Don’t call it a comeback. Prior to the 2022 midterm elections, there were signs that if Republicans had success, Covid would be roaring back with all its former aspects of fearmongering from the Democratic media complex, requiring more spending, more regulation and the return of rules Americans previously found anathema.
This would serve the purpose of said complex in numerous ways: helping them push back against Republican efforts to end those supposedly “emergency” authorities and bureaucratic programs that now must find ways to sustain themselves. Everything from proxy voting to government vaccine requirements to the handwaving justification for the student loan bailout would be at risk, if the fiction that we are in the midst of constant emergency could not be maintained.
Even without the red wave, Republican success in taking control of the House has led to early indications that this prediction is already turning out to be true. Just in the past week, Los Angeles County announced another indoor mask mandate — and the Centers for Disease Control began recommending the return of masking in Long Island and New York City.
The lame duck Congress, where Democrats still hold all the power, is rushing to ensure that pandemic-era “emergency” spending is enshrined as the new normal.
And when denouncing the potential elimination of vaccine mandates in the national defense bill, White House press secretary Karine Jean Pierre said: “Republicans in Congress have decided that they’d rather fight against the health and wellbeing of our troops than protecting them.”
The permanent pandemic posture extends beyond the openly partisan to the bureaucratic class as well. The CDC’s Rochelle Walensky, in an interview with NPR yesterday, sounded as if she was still in her mindset of “impending doom” from a year and a half ago, issuing the same kind of White Walker-style warnings we heard on the eve of 2021’s “winter of death” — a winter which, incidentally, never came.
“We have always said… that we wanted you to put your masks away, not to throw your masks out,” Walensky chided listeners. “There is a lot of infection in the community, that there’s a lot of severe disease coming into the hospital and that many of the beds in the hospitals are really now occupied by people with Covid-19. So to protect communities in those circumstances at those high levels, we have recommended and continue to recommend that those communities wear masks.”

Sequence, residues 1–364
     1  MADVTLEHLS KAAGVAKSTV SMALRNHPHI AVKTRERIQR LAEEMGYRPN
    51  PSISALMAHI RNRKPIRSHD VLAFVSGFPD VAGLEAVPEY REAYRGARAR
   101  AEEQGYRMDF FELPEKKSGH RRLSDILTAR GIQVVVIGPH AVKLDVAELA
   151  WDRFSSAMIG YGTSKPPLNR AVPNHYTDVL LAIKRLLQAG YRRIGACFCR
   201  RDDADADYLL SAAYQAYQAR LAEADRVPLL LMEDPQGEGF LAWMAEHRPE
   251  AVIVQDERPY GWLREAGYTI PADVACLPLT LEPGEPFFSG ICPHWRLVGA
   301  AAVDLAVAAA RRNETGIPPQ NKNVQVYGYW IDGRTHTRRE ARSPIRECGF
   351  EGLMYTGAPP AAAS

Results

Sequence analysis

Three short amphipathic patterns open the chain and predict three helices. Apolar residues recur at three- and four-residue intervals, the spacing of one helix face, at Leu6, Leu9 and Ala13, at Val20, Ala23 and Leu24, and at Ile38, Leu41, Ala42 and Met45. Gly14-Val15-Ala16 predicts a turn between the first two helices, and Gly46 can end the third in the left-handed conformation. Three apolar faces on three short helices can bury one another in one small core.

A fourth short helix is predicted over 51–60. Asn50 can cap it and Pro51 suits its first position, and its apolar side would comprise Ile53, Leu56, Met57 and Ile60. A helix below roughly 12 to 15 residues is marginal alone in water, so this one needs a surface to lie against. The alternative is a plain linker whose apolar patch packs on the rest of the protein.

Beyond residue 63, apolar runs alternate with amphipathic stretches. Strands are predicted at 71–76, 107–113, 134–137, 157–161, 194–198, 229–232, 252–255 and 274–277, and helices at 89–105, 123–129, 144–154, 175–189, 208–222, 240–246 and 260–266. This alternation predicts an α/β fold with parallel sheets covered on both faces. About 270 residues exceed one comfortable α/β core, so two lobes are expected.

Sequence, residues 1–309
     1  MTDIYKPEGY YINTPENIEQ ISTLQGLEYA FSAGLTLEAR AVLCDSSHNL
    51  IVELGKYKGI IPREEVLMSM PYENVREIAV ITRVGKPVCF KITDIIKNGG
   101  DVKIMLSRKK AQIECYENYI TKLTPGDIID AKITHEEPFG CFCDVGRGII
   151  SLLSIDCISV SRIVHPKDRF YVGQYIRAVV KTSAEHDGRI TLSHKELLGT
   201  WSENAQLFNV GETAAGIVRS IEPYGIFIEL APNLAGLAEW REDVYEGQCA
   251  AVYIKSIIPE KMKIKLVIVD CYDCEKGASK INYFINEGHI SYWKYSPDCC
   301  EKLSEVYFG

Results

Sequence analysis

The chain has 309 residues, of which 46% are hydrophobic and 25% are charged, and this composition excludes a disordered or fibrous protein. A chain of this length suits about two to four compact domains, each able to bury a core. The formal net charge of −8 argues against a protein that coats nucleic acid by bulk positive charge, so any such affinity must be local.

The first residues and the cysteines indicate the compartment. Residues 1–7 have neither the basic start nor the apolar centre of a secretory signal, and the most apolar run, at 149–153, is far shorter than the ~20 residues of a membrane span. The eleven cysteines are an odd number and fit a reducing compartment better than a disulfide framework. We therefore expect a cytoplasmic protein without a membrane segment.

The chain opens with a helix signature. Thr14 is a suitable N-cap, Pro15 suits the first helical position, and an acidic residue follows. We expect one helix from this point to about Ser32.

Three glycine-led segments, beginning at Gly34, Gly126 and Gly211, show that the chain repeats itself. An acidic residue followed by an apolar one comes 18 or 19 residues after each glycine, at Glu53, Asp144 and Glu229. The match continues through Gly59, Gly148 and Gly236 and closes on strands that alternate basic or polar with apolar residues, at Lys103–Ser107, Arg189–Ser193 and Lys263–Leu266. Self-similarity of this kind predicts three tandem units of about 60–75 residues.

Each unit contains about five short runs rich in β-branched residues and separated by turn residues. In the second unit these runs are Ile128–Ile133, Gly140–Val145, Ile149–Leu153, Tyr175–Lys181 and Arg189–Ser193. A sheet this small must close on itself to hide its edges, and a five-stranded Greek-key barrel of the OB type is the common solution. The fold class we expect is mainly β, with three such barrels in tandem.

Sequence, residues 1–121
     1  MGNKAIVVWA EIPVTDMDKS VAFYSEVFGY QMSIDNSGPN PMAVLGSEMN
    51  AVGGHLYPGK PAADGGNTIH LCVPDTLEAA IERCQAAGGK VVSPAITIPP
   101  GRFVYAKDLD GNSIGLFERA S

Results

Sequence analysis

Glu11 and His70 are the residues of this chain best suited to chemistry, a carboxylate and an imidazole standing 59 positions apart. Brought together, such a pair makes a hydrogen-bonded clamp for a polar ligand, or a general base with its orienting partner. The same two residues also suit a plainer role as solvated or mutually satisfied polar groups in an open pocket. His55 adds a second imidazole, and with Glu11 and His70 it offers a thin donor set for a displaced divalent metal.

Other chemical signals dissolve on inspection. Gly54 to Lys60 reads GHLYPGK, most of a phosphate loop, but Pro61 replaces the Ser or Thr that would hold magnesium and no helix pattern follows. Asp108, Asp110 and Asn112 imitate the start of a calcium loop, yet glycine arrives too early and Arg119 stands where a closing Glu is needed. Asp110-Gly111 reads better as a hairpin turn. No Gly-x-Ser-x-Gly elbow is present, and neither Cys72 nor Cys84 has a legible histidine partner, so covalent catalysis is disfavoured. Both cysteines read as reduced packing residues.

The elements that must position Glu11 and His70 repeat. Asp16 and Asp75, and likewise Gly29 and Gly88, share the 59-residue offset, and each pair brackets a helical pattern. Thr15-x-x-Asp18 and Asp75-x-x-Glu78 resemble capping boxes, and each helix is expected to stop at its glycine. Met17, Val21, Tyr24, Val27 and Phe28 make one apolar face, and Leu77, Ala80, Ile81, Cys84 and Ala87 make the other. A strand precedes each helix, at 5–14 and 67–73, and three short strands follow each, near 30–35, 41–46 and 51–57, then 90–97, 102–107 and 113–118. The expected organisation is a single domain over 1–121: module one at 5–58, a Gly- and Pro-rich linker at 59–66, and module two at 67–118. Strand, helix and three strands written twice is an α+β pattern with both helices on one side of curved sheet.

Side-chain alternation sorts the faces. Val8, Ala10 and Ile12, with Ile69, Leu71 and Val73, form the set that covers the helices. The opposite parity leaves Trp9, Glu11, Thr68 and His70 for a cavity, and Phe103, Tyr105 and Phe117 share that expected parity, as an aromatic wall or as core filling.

The NPR reporter responded with a litany of invitations to engage in even greater extremism about what she branded the “tripledemic” (we have a new scary name for people getting sick around the holidays — how cute!). She pressed Walensky on why the CDC wasn’t using more “forceful messaging,” whatever that means, asking: “why isn’t the CDC more strongly recommending masking in public places right now” and whether Walensky herself would recommend “personally masking up at the supermarket or just avoiding large gatherings in general.”
To the last question, Walensky responded with recommendations that could have been taken from the height of Covid fearmongering: stay home, open windows, increase ventilation, wear a mask at large gatherings, get tested before you gather, and so on and so forth forever and ever Amen.
Resisting the permanent pandemic posture will require two things: people willing to actually reject the nonsense behind policies and rules long proven to have been of little to no use in practice, and leaders who will reject the emergency claims of policy prescriptions that were never actually about preventing illness or responding to real needs.
We must call out the obvious stupidity of going down the same ridiculous path we did when CNN was running the death ticker and teachers were holding kids hostage for taxpayer-funded ransoms. It will require living your life without shoving something up your nose before you can go to a Christmas party.
An example of such leadership is found in the response of outgoing North Carolina Republican senator Richard Burr, who has a bipartisan measure along with Washington Democratic senator Patty Murray that would, among other things, require Senate confirmation of future CDC directors, a step that Walensky has denounced as representing “the politicization of CDC at the time.” When asked about Walensky’s concerns, Burr offered the proper response: “Tough shit.”